I kind of wonder if Austins tested the reduced-clearance piston skirt with M220 (which they would have kept for their civil programme) and it was all OK, and then when the set-up was introduced to HD30 problems emerged.

i.e. the more viscous M220 could build up a decent hydrodynamic layer even with the new piston design, but the HD30 couldn't.
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Re: Unserviceable Lorries - Jul - Sep 44

Post by phylo_roadking » 18 Nov 2013 23:26

I kind of wonder if Austins tested the reduced-clearance piston skirt with M220 (which they would have kept for their civil programme) and it was all OK, and then when the set-up was introduced to HD30 problems emerged.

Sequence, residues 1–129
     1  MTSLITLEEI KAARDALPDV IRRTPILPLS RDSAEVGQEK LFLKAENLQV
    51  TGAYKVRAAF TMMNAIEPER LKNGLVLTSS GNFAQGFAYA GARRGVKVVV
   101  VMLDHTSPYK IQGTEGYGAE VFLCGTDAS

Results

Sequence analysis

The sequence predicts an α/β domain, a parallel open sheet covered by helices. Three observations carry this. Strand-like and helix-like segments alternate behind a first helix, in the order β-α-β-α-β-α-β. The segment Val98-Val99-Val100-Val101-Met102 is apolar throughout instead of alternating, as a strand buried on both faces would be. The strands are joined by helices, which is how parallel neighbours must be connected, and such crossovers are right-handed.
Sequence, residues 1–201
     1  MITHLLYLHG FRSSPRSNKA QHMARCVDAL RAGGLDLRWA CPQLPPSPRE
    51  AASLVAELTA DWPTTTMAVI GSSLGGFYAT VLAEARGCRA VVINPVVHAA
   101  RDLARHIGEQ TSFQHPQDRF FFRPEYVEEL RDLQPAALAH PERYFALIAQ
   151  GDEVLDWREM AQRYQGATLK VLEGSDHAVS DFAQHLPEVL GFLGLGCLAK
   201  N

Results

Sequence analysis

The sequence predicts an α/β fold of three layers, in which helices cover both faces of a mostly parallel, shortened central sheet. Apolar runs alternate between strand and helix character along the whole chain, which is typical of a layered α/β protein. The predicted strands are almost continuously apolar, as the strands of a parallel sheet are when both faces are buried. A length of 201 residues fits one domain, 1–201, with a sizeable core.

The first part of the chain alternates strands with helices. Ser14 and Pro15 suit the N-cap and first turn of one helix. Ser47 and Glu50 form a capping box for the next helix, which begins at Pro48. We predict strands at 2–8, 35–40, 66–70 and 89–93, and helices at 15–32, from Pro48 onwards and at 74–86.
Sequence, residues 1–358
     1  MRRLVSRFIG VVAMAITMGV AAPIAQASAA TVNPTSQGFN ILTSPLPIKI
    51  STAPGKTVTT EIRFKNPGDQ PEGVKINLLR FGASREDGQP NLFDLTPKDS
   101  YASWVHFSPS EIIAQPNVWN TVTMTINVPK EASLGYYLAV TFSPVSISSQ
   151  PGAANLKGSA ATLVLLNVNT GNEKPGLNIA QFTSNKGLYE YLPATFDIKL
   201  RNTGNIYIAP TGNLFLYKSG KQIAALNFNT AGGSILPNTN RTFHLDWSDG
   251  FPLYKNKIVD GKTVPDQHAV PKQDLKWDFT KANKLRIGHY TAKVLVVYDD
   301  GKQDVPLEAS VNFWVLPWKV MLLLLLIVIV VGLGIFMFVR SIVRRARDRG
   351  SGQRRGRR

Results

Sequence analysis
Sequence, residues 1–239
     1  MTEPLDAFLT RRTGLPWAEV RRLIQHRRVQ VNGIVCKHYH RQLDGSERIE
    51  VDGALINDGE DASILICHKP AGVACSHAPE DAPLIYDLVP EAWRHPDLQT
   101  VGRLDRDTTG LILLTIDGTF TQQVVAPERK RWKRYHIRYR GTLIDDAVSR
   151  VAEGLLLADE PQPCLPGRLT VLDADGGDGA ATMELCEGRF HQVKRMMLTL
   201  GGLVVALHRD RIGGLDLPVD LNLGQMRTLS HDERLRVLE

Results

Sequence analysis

Well...first of all - "M.220" was a War Office oil grade, whatever Austins would have used "commercially" wouldn't automatically have been the same or the same viscosity.

It would be interesting to find out though - IIRC the "Austin Sheerline" immediately-postwar luxury car, Austin's attempt to topple Bentley from the luxury limo market, was virtually the same motor as the K5 and K6 ;) It's details might be easier to turn up on t'Interweb.

Second - HD30 was "giving no problems" in the British motor industry's products since at least the end of 1943...according to the REME Staff History. Whatever happened....overheating???...BETWEEN then and May 1944 was what resulted in the increased-clearance piston skirt spec....and in turn, seven months or so later, led to the tapered rings in Lymalloy, marked "HD30" for one-way fitting.